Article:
Author
  12. avatar
    Cookie1 13 April 2011 at 12:46 am (PERMALINK)

    I love Paneer Helene. I have made it before and loved it. I will now try making it with flavourings. Thank you.

    Author
  13. avatar
    Cookie1 24 April 2011 at 9:36 pm (PERMALINK)

    The paneer is now in the fridge. It looks lovely and I’m sure we’ll like it more than the plain version. I put a little garlic, fresh chilli and parsley in. If we have any left over I think I will try it in olive oil. Sort of like marinated feta.
    A very easy recipe. Thanks Helene.

    Author
  14. avatar
    ThermomixBlogger Helene 24 April 2011 at 10:32 pm (PERMALINK)

    Hey there Cookie1 — I’m glad you tried it and wrote back. That’s sounds like a good combo to me — it’s hard to go back to plain paneer after trying this… Thanks and Bon Appetit to you!

    Author
  15. avatar
    Your Cookery Book 29 August 2012 at 3:58 pm (PERMALINK)

    The picture of spinach paneer is inviting me to eat. I’ll definitely make soon. Thanks for the instructions.

    Author
  16. avatar
    anitram 6 November 2012 at 7:55 am (PERMALINK)

    Hi Helene,
    thumbs up from Germany for this easy peasy pleaser. We can get an abundance of cheeses here, but paneer is not the easiest to find – and now Iwill never have to look for it, since all I need is always at hand.
    I tried it with a good pinch of simple italian herbs (such as used for making a good italian sauce). Yummy!!! Next will be the lemon version, since I love, love, love all citrus aromas.

    Author
  17. avatar
    Chiara 10 November 2012 at 3:00 pm (PERMALINK)

    I am wondering if you can make a sweet version of this cheese? Cinnamon? Cardamom?

    Author
  18. avatar
    ThermomixBlogger Helene 10 November 2012 at 4:31 pm (PERMALINK)

    Have not tried it Chiara, but it sounds like a good idea to me! Let me know if you decide to play with the recipe this way. Would love to hear how it goes for you.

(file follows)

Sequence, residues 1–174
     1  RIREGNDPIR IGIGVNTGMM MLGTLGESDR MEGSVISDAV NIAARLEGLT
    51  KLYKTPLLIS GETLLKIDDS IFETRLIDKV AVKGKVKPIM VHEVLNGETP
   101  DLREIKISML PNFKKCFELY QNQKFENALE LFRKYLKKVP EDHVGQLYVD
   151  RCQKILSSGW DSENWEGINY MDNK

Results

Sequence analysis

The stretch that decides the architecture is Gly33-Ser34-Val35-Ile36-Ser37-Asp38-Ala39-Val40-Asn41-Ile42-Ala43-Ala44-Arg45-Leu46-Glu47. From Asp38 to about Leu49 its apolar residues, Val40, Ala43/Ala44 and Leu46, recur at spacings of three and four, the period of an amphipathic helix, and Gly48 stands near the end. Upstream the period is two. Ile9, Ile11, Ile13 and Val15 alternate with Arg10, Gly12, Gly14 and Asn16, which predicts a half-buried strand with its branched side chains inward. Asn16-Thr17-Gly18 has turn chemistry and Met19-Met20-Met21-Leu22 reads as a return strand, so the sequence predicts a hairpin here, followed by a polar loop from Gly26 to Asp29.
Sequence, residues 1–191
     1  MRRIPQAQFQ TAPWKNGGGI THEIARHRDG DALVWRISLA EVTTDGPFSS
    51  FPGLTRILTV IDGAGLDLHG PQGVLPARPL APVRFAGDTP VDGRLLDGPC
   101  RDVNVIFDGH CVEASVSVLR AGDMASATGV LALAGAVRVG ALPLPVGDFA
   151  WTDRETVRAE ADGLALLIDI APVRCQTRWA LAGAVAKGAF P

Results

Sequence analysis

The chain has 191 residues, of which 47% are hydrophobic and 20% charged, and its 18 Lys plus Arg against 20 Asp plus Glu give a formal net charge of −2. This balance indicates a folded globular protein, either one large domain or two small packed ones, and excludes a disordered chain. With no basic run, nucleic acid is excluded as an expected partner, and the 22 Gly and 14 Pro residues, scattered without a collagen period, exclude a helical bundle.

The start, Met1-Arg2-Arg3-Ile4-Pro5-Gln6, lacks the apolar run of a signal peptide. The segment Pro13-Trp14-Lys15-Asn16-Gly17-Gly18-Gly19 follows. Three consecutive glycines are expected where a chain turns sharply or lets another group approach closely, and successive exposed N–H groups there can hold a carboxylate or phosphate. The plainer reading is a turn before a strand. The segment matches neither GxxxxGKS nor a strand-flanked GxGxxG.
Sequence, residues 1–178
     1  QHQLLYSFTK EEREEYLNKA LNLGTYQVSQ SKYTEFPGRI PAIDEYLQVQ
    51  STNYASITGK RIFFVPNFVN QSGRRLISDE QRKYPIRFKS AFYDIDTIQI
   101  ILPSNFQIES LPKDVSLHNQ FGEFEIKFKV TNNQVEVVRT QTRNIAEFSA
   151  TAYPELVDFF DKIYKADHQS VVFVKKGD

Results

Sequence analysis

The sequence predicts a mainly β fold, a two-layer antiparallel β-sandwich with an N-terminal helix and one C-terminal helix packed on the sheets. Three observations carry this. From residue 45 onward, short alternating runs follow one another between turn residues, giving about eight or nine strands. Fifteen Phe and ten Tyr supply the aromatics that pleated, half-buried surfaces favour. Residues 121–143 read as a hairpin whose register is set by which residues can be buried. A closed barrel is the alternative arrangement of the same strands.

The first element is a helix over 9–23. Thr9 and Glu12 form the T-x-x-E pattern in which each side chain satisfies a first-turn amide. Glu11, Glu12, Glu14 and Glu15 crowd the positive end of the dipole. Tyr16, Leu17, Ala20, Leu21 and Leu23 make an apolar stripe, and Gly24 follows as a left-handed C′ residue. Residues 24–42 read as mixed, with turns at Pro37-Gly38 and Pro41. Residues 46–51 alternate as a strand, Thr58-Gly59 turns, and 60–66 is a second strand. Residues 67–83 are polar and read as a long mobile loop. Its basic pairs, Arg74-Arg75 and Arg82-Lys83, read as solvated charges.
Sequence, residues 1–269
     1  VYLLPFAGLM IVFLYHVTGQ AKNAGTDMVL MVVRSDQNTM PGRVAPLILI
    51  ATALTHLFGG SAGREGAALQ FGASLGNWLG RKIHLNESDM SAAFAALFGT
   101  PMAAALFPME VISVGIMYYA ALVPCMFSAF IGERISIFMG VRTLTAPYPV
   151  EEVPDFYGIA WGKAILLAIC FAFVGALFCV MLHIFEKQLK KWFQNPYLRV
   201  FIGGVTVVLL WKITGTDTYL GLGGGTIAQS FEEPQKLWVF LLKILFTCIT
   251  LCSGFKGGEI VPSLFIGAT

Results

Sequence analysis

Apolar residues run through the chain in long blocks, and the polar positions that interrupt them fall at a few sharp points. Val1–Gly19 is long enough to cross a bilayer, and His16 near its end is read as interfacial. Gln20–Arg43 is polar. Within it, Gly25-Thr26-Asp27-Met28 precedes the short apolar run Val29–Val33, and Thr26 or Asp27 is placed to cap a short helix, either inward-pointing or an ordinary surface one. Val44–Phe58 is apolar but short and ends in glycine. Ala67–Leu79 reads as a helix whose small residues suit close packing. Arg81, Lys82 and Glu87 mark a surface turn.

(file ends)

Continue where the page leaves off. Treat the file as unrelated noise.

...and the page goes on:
Author
  19. avatar
    Val C 22 March 2013 at 6:05 pm (PERMALINK)

    Can the whey be used to make scones and cakes

    Author
  20. avatar
    ThermomixBlogger Helene 24 March 2013 at 3:01 pm (PERMALINK)

    Hi Val; I am not an expert on cheesemaking but have read that this ‘whey’ from ‘fresh cheese’ such as we have here is not the same as other whey… That said, I’m confident you can use the whey, but I can not guarantee the results you’ll get.

    Author
  21. avatar
    Nushi 4 March 2014 at 1:28 pm (PERMALINK)

    Hi, I might give this a go, but when is the spinach added? Is it added after the milk has heated when you add the spices? Or later after the lemon/vinegar is added? I’m confused, couldn’t see where that step was. Thanks.

    Author
  22. avatar
    ThermomixBlogger Helene 4 March 2014 at 3:39 pm (PERMALINK)

    Hi Nushi — you are right, the spinach doesn’t get added into the recipe on this page. The recipe above is for the cheese only. You can add flavourings, but I don’t add spinach in the cheese itself. Spinach is in the Palak Paneer recipe on this page.I hope you do try it, this is a very rewarding recipe and I think you’ll enjoy it :)

    Author
  23. avatar
    Priscilla 5 March 2014 at 12:16 am (PERMALINK)

    Hi,
    I’m very keen to try this, but…. How do you insert the butterfly when the temp is 100 degrees? What did I miss?!! Thanks heaps!

    Author
  24. avatar
    ThermomixBlogger Helene 10 March 2014 at 2:39 pm (PERMALINK)

    Hi Priscilla — Sorry I missed your question last week! All you need to do is open the lid and put in the butterfly/wisk. Put the lid back on and keep going. Hope this helps!

    Author

Spice up this blog!

Your comments add spice to make this blog more fun for all Thermomix fans.

Rate it!: